Figure 1

Energy conservation is always a goal, and is even more paramount in construction today. When it comes to improving airflow in HVAC duct systems to optimize efficiencies the mantra “less is more” rings true.

Over the years, there has been some controversy with mechanical contractors over the use of single thickness versus double thickness turning vanes in square throat elbow applications. However, research conducted by the Sheet Metal and Air Conditioning Contractors’ National Association (SMACNA) and ASHRAE Fundamentals Handbook puts the controversy to rest. SMACNA test data clearly indicates that using double thickness turning vanes instead of single thickness vanes increases the pressure loss of square throat elbows which, in turn, decreases HVAC performance, air flow and energy efficiency.

Single thickness vanes have a recommended installation length of 36 inches as outlined in the SMACNA Duct Construction Standards, Metal and Flexible Third Edition-2005. If a square throat elbow must exceed that length, it is recommended that the single thickness be installed in sections or a tie rod be fastened to the face of the vane for reinforcement. This method will reduce additional pressure loss.

Other Steps to Improve Pressure Flow
To further maximize air flow efficiency, the SMACNA duct design committee also suggests turning vanes be installed in all rectangular square throat elbows and that contractors use vanes without trailing edges, because trailing edge turning vanes can be installed backwards due to careless workmanship. For many years mechanical contractors, often with the systems designer’s approval, eliminated every other turning vane from the vane runners installed in rectangular square throat elbows. This practice is not recommended because it more than doubles elbow pressure losses. This is proven by a SMACNA-sponsored research performed by ETL Laboratories of Cortland, New York, to test single thickness turning vanes with a radius of 4½ inches. The distance between the vanes varied from 3 inches to 6½ inches in increments of ¼ inches. The testing used standard turning vane rail runners, with airflow velocities varying from 1,000 to 2,500 fpm in the 24 x 24 inch test elbow. The loss coefficient of 0.18 for the standard spacing of 3¼ inch was compared with the loss coefficient of 0.46 inch at a 6½-inch spacing with every other vane missing. (Figure 1) After analysis, the test data clearly indicated that the pressure loss of the elbow with missing vanes was more than two and a half times the pressure loss of a properly fabricated square throat elbow containing all the single thickness vanes with 3¼-inch spacing. A 4-inch single thickness turning vane is more effective than both 2-inch and 4-inch double thickness vanes. According to test results a 4-inch single wall turning vane is two times more effective than 2-inch double thickness turning vanes at all tested velocity fpm.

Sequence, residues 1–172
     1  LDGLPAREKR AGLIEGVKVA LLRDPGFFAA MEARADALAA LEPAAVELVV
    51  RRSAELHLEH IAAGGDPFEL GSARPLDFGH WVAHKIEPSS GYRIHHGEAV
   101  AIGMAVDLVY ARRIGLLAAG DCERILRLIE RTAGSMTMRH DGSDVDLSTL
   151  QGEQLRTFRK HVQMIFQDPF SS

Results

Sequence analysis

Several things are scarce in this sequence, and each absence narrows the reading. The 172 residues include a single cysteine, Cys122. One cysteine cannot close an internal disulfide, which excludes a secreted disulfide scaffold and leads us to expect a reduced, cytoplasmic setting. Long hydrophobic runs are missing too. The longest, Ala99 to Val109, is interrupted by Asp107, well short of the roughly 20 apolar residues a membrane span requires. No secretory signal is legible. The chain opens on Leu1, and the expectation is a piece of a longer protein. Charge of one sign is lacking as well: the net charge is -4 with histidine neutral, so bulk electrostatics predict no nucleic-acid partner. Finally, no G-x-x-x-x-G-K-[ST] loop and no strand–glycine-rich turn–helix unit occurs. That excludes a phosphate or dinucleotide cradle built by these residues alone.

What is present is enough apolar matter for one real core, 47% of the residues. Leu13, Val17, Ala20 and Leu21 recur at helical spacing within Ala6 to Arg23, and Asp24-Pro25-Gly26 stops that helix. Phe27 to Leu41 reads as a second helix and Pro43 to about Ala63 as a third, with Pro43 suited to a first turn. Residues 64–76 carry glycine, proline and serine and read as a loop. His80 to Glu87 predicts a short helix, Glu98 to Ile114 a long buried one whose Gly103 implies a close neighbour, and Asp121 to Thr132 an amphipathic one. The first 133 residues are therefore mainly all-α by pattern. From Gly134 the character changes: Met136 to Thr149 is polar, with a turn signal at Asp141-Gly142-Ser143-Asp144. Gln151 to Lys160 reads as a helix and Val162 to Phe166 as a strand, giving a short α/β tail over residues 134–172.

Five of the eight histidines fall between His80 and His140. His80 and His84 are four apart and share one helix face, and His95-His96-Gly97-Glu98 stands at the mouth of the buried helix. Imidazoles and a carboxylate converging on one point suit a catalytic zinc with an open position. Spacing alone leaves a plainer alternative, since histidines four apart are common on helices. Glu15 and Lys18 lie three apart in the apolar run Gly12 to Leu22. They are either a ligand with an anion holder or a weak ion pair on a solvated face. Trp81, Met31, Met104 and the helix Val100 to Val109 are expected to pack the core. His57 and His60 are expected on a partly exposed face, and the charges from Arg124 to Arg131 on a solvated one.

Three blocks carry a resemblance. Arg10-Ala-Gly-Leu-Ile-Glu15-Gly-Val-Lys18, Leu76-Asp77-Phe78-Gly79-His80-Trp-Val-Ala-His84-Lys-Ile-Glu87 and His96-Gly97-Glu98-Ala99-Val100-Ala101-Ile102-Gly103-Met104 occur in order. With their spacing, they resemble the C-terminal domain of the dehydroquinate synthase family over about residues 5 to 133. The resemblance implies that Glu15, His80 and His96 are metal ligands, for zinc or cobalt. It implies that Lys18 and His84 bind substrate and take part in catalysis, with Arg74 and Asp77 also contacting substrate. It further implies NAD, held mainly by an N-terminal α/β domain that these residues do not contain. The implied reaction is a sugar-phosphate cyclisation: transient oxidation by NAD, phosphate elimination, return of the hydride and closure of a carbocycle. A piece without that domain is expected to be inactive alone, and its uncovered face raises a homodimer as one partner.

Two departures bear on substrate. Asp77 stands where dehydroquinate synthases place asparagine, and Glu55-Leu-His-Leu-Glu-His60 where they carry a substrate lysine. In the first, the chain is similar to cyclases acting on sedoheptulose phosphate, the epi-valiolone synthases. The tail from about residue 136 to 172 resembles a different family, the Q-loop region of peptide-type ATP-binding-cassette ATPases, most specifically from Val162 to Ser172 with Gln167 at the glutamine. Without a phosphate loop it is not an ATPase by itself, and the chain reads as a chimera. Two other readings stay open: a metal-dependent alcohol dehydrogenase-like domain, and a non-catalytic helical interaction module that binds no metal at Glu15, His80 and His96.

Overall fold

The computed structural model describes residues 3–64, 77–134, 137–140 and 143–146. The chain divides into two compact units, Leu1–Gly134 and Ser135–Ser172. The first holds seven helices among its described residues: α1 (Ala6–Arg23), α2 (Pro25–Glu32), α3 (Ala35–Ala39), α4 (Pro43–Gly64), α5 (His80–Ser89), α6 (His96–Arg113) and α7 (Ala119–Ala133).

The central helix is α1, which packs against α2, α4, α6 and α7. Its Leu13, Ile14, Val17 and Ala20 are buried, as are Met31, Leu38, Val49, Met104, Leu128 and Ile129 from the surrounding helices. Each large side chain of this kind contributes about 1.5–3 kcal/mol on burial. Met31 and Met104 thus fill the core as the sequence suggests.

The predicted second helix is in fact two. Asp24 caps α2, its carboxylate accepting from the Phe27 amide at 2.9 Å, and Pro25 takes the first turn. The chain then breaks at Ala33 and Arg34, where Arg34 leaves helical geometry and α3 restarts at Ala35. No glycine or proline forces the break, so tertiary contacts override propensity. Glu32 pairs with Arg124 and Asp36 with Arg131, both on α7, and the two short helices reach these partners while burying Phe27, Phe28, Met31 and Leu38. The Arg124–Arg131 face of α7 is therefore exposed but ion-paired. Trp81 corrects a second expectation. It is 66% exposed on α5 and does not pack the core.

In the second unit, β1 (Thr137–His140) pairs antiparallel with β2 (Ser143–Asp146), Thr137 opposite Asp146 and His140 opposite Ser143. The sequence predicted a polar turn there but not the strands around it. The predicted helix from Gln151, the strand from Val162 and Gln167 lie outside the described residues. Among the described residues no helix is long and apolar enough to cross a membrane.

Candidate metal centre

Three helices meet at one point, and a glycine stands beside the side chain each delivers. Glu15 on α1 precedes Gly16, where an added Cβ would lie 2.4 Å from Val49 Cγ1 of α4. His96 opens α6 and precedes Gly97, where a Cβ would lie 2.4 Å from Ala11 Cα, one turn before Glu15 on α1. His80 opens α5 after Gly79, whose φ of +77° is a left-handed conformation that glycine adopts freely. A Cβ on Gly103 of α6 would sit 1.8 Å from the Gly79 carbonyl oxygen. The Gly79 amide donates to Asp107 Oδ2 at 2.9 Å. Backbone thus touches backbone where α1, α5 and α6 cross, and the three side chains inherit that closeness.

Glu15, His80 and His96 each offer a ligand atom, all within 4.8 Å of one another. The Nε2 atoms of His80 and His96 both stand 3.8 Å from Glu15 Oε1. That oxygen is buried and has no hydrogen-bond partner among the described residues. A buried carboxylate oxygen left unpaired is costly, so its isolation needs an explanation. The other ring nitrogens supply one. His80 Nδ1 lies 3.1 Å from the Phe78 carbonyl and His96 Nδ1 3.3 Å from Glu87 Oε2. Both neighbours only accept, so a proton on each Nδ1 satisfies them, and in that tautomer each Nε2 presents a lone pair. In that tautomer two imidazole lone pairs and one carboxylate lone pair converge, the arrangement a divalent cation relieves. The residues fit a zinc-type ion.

There are a number of ways that mechanical contractors can improve airflow in duct systems and decrease HVAC energy usage. Significant savings and efficiencies are accomplished by utilizing single-wall turning vanes in square throat elbow applications, installing vanes that are tangent to air flow in square throat elbows, and eliminating trailing edges in rectangular mitered duct elbows.